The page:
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venom

  • First Aid for Snake Bite

    Image of rattle snakeSnakes exist in almost every part of the world. Of the approximately 8000 reported snake bites each year, however, fewer than 12 result in fatality. This is due in part to the fact that about two thirds of all poisonous snake bites involve little or no venom; these are called “dry bites.” Baby snakes are more dangerous in this regard as they have not yet learned to save their venom for prey. If venom is injected, symptoms will begin rapidly and include pain, swelling, weakness, dizziness, fever, or chills.  First Aid for snakebite includes:

    • Immediately remove all constricting clothing and jewelry from the extremity.
    • Wash the bite area with soap and warm water.
    • Keep wound site at or below heart level, and seek immediate medical attention.
    • Sometimes a constricting band may be used on snakebite, but it must not significantly affect circulation and it should be loose enough for you to slip your fingers underneath.

    Do not apply ice to snakebites, as it may crystallize the venom and compound the reaction.

    Do not attempt to “cut and suck” the venom, even using a snakebite kit. In order to be effective, the suction must be applied almost immediately, and the danger of severing an artery can outweigh the danger from the venom.

    Always be protected from snakes in the outdoors. Great for taking on short hikes, camping, or anytime you are in the wilderness. Always be protected from snakes in the outdoors. Great for taking on short hikes, camping, or anytime you are in the wilderness.

    Content excerpted from the Urgent First Aid Guide used by permission Copyright 2013 UrgentFirstAid.com
    All Rights Reserved. Get a full copy of the First Aid Guide for under $1!

  • Jellyfish Sting Treatment Information

    Image of jellyfish sting instructionsThe weather is warming and people are headed on vacation and to the beaches...

    Jellyfish stings can cause red, painful, burning symptoms, which may spread to the hands and face of the casualty if contacted. To help inactivate the venom:

    • Rinse the area with vinegar as soon as possible. If vinegar is not available, a baking soda paste can be used.

    For the treatment of pain and to alleviate further penetration, the area of contact should be immersed in HOT water (up to 113 degree Fahrenheit) for at least 20 minutes or until pain subsides.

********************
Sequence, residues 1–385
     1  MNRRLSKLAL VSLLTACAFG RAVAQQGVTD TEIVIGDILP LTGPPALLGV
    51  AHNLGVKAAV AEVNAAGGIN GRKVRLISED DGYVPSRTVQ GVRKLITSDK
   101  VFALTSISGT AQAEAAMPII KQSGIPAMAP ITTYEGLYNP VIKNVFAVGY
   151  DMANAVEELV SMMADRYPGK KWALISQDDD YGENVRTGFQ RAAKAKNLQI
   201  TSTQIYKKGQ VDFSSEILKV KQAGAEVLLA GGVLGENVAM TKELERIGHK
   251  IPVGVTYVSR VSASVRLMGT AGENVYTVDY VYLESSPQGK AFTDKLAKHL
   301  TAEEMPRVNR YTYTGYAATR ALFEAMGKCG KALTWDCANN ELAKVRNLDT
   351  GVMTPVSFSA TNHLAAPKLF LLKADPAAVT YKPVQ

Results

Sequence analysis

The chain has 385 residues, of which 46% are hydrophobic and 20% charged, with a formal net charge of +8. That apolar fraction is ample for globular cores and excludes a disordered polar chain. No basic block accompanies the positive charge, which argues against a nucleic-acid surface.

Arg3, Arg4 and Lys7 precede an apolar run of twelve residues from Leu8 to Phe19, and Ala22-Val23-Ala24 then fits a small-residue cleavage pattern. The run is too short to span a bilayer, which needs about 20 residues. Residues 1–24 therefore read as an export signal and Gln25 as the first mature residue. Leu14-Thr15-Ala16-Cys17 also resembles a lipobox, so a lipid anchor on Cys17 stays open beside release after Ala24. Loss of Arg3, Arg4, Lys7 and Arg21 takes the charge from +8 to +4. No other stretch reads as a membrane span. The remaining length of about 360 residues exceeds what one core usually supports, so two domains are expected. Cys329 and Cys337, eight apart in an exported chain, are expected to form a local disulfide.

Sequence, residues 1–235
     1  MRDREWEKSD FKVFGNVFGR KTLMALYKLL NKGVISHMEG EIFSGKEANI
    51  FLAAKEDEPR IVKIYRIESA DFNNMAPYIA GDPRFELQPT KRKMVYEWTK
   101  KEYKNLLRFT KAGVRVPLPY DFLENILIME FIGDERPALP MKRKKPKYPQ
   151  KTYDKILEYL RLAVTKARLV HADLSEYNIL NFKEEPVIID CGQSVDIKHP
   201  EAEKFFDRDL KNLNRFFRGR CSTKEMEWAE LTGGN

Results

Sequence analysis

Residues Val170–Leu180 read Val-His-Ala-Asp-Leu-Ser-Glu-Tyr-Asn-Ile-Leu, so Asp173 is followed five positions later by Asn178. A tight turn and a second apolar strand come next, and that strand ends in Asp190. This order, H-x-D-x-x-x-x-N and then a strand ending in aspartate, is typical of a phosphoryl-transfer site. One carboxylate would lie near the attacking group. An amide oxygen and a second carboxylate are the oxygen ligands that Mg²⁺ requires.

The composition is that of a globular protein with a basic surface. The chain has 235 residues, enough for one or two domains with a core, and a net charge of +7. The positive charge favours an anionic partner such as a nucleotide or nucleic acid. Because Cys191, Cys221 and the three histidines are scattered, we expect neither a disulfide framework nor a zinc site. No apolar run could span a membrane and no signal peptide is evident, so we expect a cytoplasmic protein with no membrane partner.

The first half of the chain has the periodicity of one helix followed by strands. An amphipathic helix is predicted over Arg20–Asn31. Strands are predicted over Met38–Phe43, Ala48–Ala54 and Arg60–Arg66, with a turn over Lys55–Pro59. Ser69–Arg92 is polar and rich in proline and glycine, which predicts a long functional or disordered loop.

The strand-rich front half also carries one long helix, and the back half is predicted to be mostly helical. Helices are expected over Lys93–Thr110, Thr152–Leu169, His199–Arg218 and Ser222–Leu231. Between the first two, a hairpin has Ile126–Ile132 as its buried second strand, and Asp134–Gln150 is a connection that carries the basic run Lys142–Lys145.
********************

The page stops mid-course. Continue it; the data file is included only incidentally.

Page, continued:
Content excerpted from the Urgent First Aid Guide used by permission Copyright 2013 UrgentFirstAid.com
    All Rights Reserved. Get a full copy of the First Aid Guide for under $1!

  • General Care of Bites and Stings

    Image of mosquito biting fleshGeneral care of bites and stings:

    • Immediately wash the bite or sting with soap and water if available, or use antiseptic wipes if soap and water are not available.
    • Put an ice pack on the affected area with a cloth barrier between the ice and skin. If treating a bee sting, remove the stinger first (see below).
    • Never attempt to suck out any venom or poison with your mouth!
    • Never apply a tourniquet.
    • Do not use folk remedies or unproven treatments to care for the casualty.
    • Do not give the casualty caffeinated drinks, alcohol, or aspirin.

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    ALSO SEE: Anti-Itch Cream, Itch Cream & Cleanser , Insect Repellents & Poison Ivy Block NEW! Read about First Aid for Bites & Stings!

    ? The CDC recommends avoiding Mosquito bites as the best solution available at present for the Dengue problem. Read more about Dengue from CDC & WHO

    Content excerpted from the Urgent First Aid Guide used by permission Copyright 2013 UrgentFirstAid.com
    All Rights Reserved. Get a full copy of the First Aid Guide for under $1!

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